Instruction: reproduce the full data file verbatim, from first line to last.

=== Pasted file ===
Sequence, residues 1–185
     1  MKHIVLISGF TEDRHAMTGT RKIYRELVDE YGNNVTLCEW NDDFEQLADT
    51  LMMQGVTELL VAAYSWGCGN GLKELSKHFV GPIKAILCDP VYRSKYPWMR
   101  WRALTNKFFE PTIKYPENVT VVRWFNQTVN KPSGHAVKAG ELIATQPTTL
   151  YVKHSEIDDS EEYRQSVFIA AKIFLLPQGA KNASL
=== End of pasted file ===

Sequence, residues 1–185
     1  MKHIVLISGF TEDRHAMTGT RKIYRELVDE YGNNVTLCEW NDDFEQLADT
    51  LMMQGVTELL VAAYSWGCGN GLKELSKHFV GPIKAILCDP VYRSKYPWMR
   101  WRALTNKFFE PTIKYPENVT VVRWFNQTVN KPSGHAVKAG ELIATQPTTL
   151  YVKHSEIDDS EEYRQSVFIA AKIFLLPQGA KNASL